However, I am working on a small database on my own site that should at least fill some gaps. It's still under construction, but the basic format is up, and if you would like to see it, here's the web address:
All photo contributions and especially catelogues and repair/parts manuals and various literature are very gladly accepted!
| Glad to see the site...when you're up and running, I'll send you pix! I've got some manuals as well.|
| Kurt and fellow riders,|
I ride 21" frames and teeter about at junctions but find them best for making efficient use of my limited inside leg of 30". There is much discussion elsewhare about frame sizing so we won't go that route but a 19" is my calculated size. If I ride thta size frame I just end up with seat stem raised from the frame. so why bother? I'll ride something a bit 'too' big and manage better.
Your website is very good and well presented, my hat is certainly off to you Kurt. Well done. May I just note that captions and photos seem to be adrift but I imagine this is teething trouble or 'awaiting picture' problems. I'll dig out some photos for you.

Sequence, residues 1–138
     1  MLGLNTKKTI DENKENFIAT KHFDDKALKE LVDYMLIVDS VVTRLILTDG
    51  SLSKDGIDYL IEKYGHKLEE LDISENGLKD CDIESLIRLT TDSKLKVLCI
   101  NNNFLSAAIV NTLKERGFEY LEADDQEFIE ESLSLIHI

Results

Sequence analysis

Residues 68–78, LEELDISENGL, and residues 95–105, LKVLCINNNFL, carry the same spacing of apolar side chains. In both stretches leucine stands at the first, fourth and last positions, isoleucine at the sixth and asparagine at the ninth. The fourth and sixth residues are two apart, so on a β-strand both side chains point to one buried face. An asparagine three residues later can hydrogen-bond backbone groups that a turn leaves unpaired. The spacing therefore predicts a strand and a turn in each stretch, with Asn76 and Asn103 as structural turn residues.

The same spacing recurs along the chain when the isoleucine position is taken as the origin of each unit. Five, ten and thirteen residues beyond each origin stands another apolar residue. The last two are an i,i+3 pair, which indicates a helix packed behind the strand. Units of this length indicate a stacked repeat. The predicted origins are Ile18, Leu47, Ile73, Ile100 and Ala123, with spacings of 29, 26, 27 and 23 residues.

Matthew - walking short - riding tall!
Ps my daughter rides an MTB with 26" wheels and a dinky 16" frame, no camel back but her seat is almost below the top of the back wheel.
| Sounds good, Warren!|
You should make out fine with a 21" frame. I go by the simple rule of thumb that you shouldn't have any more (or less) then a 10 degree bend at the knee with the crankarm in the lowest position.
Why, thank you very much Matthew. The Scwhinn and all For Sale pages are old, outdated, with incorrect HTML, but most everything in the Raleigh Archives has been updated to a proper format. Right now, the Raleigh Archives and the Our Collection sections are my main concerns (especially the collection section, as it is one of the most extensive parts of the site...and it's always growing!).
Ah yes...the horrors of the modern mountainbike...tiny frames!
Let me know what your last offer of the mention in subject is and
also mail me back with more of its pictures if still available for sale.
I await your reply.
| Found this on eBay: (Not Mine) |